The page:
Cypress College Displays ‘Hostile Terrain,’ Brings Attention to Humanitarian Crisis at Southern Border

Bringing America’s humanitarian crisis at its southern border front and center, Cypress College presents “Hostile Terrain,” a global pop-up installation and wall map created by anthropologist Jason De León.

“Hostile Terrain,” organized by the North Orange County Community College District Office of Diversity and Compliance, asks visitors to fill toe-tags with information about the more than 3,000 individuals who have died trying to cross into the United States through the Sonoran Desert over the past 25 years. Participants are then asked to place the tags on the map in the exact location where the person’s body was found.

“This has been happening for 20 years — people are dying in the Arizona desert,” De León told Associated Press earlier this year. “Nobody, Republican or Democrat, seems to want to talk about this.”

The display serves as a distressing reminder of the United States’ immigration enforcement policy, “Prevention Through Deterrence,” which was designed to discourage migrants from attempting to cross the border near urban ports of entry, forcing them to take a much more dangerous route. Since the policy was put into place in 1994, 3,116 people have died, largely from dehydration and hypothermia.

De León, author of “The Land of Open Graves: Living and Dying on the Migrant Trail,” is a professor of anthropology and Chicana/o studies at the University of California, Los Angeles and executive director of the Undocumented Migration Project, a 501(c)(3). “Hostile Terrain” serves as the precursor prototype to De León’s 2020 global participatory exhibition of the same name.

A reception with a performance of “Piedras y Luz by the Cypress College Dance Department and Maha & Company is scheduled for Thursday, September 19 from 6-8 p.m. The Cypress College Art Gallery is at 9200 Valley View Blvd. in Cypress. Additional events throughout the duration of “El Artist” include a screening of “Border South/Frontera Sur” and Q&A with director  Raúl Paz Pastrana on Thursday, September 19; a concrete casting workshop with Ed Giardina on Monday, September 23; a talk with Gustavo Arellano on Thursday, October 3; a lecture by former Director of the Museum of Latin American Art, Consul of Cultural Affairs of Mexico in Los Angeles and the First Secretary of the Embassy of Mexico in Washington DC Gregorio Luke, “Siqueiros: A Revolutionary in Art and Life,” on Tuesday, October 14; and a concurrent show, “El Artist” featuring the works of J. Sergio O’Cadiz Moctezuma.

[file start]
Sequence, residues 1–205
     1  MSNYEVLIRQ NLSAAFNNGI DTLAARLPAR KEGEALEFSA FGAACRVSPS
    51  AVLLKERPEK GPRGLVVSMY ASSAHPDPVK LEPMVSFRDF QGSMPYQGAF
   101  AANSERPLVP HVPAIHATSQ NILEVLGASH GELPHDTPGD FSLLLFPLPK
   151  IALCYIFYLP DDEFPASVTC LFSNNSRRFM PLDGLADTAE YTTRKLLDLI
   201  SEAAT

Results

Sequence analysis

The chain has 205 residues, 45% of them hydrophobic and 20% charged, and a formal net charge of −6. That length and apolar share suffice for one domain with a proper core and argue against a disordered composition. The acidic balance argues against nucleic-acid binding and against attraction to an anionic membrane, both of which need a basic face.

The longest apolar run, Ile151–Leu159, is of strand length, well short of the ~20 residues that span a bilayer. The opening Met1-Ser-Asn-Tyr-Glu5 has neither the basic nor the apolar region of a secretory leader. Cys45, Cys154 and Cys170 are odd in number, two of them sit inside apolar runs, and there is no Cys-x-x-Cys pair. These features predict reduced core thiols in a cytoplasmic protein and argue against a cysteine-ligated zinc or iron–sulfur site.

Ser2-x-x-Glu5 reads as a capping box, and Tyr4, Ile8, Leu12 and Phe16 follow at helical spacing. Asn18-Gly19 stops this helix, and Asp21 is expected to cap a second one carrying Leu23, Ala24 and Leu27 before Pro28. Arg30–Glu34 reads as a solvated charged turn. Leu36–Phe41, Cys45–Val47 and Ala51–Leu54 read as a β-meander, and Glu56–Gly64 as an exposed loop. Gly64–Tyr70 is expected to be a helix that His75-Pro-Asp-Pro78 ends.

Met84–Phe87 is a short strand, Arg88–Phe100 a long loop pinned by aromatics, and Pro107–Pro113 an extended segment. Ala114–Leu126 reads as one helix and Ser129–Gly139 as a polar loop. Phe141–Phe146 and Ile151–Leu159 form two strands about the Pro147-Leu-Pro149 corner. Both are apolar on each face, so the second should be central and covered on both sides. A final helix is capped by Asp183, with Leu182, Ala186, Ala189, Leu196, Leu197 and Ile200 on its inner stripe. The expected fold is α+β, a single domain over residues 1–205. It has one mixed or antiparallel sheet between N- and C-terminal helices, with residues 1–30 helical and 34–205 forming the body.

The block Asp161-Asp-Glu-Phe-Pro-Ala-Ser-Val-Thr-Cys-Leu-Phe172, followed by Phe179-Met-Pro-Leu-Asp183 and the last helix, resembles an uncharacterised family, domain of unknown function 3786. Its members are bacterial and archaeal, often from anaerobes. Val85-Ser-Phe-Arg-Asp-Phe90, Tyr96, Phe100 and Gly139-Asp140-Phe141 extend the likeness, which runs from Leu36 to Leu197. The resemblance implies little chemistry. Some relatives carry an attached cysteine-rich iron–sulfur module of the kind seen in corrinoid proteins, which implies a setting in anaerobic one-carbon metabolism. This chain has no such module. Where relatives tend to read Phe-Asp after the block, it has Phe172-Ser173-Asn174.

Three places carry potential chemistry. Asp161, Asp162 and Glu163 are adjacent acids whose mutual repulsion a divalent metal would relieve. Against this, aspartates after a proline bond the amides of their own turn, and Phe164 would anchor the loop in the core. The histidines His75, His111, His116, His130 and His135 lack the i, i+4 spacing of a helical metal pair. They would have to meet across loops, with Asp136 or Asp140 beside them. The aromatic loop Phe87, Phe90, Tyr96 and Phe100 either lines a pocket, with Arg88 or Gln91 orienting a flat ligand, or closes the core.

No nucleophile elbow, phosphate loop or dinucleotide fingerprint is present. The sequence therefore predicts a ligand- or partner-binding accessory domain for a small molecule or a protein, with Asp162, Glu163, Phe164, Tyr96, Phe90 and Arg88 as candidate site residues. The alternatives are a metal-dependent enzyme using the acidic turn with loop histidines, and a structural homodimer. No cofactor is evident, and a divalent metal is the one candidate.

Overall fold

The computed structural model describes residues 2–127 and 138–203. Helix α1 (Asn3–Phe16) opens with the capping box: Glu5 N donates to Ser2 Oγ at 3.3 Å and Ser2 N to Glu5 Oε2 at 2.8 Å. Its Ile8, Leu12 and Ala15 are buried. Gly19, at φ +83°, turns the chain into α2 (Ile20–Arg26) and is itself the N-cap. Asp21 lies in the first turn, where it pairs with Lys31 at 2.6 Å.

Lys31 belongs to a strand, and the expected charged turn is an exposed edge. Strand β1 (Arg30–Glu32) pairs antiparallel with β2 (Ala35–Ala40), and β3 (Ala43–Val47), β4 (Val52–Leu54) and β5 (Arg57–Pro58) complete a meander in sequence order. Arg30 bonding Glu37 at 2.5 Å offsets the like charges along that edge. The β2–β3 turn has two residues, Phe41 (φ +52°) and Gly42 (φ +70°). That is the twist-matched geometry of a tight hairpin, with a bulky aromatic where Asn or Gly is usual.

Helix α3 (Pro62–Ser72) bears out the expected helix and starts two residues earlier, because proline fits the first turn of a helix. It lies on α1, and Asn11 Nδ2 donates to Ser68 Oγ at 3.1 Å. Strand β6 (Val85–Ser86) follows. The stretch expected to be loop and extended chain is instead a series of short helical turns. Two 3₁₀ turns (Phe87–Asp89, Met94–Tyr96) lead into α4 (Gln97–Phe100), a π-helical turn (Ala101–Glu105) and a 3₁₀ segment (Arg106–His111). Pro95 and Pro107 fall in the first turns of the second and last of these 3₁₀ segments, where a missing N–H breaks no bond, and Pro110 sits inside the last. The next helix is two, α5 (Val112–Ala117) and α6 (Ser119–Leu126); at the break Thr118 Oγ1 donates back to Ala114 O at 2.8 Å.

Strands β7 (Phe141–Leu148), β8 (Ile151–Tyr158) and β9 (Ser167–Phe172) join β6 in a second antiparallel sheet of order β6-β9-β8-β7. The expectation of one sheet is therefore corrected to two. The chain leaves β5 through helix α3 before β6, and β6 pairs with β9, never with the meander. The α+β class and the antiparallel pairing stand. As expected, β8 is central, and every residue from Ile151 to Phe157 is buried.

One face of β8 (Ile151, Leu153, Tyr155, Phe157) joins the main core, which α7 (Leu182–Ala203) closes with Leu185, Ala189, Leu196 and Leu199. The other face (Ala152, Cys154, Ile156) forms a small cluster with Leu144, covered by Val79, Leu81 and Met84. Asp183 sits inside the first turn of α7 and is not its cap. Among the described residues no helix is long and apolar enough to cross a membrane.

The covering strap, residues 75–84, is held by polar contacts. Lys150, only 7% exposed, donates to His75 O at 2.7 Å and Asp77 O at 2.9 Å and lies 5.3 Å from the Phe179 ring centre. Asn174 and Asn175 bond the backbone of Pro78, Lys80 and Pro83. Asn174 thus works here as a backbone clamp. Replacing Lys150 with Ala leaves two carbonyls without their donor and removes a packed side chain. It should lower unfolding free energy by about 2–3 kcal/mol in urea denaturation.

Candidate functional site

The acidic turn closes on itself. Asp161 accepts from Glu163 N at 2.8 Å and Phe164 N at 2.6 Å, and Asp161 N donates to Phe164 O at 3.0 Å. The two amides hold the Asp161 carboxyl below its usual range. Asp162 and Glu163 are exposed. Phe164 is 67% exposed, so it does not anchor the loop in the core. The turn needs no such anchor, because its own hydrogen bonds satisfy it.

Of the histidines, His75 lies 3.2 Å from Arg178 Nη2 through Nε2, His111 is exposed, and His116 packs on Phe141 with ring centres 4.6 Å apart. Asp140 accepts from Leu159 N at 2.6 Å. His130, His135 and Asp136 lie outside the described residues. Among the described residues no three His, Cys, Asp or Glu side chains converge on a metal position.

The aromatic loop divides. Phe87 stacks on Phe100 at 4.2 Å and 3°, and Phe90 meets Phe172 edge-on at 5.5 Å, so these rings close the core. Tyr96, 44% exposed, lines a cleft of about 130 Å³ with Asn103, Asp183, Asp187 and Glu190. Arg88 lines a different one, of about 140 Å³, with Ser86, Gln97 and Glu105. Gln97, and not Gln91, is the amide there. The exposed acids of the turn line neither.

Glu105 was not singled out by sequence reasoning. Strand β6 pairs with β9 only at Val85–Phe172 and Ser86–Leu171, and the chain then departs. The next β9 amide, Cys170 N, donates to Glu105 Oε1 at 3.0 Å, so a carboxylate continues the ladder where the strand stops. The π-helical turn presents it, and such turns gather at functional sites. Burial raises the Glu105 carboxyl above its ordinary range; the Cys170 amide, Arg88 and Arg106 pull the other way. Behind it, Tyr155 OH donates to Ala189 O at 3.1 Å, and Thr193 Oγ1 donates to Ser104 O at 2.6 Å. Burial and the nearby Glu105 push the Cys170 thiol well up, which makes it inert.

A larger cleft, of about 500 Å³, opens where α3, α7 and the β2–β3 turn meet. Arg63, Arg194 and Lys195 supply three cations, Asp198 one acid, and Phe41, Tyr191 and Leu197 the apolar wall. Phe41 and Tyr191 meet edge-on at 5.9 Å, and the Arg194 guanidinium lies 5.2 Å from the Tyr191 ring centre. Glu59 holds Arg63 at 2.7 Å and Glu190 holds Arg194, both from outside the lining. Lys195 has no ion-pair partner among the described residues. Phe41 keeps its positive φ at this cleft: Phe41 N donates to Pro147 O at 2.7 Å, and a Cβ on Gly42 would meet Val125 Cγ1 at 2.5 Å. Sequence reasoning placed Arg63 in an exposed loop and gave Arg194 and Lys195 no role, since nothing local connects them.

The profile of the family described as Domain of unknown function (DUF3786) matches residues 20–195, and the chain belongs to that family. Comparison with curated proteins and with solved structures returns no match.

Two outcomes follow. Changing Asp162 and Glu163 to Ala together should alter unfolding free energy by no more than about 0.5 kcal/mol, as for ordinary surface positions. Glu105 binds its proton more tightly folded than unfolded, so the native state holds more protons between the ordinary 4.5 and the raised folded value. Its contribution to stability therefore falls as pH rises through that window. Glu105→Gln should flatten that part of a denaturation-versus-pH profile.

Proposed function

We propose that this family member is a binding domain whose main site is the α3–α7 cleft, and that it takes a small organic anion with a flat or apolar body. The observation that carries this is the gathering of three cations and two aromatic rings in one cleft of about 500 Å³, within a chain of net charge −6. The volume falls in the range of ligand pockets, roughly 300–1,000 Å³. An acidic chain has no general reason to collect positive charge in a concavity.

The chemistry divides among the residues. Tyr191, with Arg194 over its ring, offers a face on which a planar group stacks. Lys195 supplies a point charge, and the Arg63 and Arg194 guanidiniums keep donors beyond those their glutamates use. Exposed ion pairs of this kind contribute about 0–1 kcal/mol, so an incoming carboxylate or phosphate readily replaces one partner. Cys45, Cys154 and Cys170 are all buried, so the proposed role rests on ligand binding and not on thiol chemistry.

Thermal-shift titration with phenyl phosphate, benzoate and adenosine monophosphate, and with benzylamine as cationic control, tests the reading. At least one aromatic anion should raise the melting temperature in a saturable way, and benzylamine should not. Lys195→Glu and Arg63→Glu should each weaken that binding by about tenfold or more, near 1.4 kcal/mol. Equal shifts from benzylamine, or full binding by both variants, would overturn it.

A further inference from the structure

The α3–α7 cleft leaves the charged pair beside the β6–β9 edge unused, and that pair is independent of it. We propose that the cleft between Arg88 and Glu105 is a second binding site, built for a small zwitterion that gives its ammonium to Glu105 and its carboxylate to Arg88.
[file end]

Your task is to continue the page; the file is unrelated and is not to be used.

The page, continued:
“Hostile Terrain” is presented as part of the 5th SUR:biennial. Established by the Director of Outpost for Contemporary Art, Ronald Rafel Lopez, to explore the complex notion of globalization and exchange that takes place in the ambiguous borderlands between Los Angeles and the broader “South,” SUR:biennial features the works of local and international artists who have been influenced by the cultures and artistic traditions of Mexico, Central and South America and the Caribbean. The 5th SUR:biennial takes place at seven different venues across the greater Los Angeles region. This year, Cypress College joins the Cerritos College Art Gallery, the Eastside International (ESXLA), the Long Beach City College Art Gallery, the Rio Hondo College Art Gallery, SPARC: The Social & Public Art Resource Center, and Torrance Art Museum.

About Cypress College:

Cypress College offers students a pathway to their future in an environment in which employees commit to joining students on their educational journey. The college’s half-million-plus alumni include actors, athletes, doctors, executives, mechanics, nurses, and teachers. For some, Cypress College is the ticket into their university of choice, and for others, it provides essential training for a prosperous career. Just one Cypress College class is often all it takes to provide cutting-edge skills that lead to a promotion or a new job.

Cypress College’s 16,000 students and the highly qualified teaching faculty are proud of the many excellent academic and vocational programs. Cypress College offers 56 university-transfer majors, 176 career-certificate programs, and degrees in 73 areas of study. The college’s traditional semesters begin in January and August, while short-term courses start throughout the year. A Cypress College education costs $46 per unit — $138 for a typical, full-credit class — California’s lowest tuition. Financial aid and scholarships are also available to qualifying students.

Cypress College is one of three campuses in the North Orange County Community College District and a member of the 115-campus California Community College system. The college primarily serves the cities of Anaheim, Buena Park, Cypress, Garden Grove, La Palma, Los Alamitos, Seal Beach, and Stanton.

Located at 9200 Valley View Street in Cypress, the college is easily accessible from several Southern California freeways, including the 5, 91, 605, 22, and 405. The campus is just a stone’s-throw from Downtown Disney and Knott’s Berry Farm.


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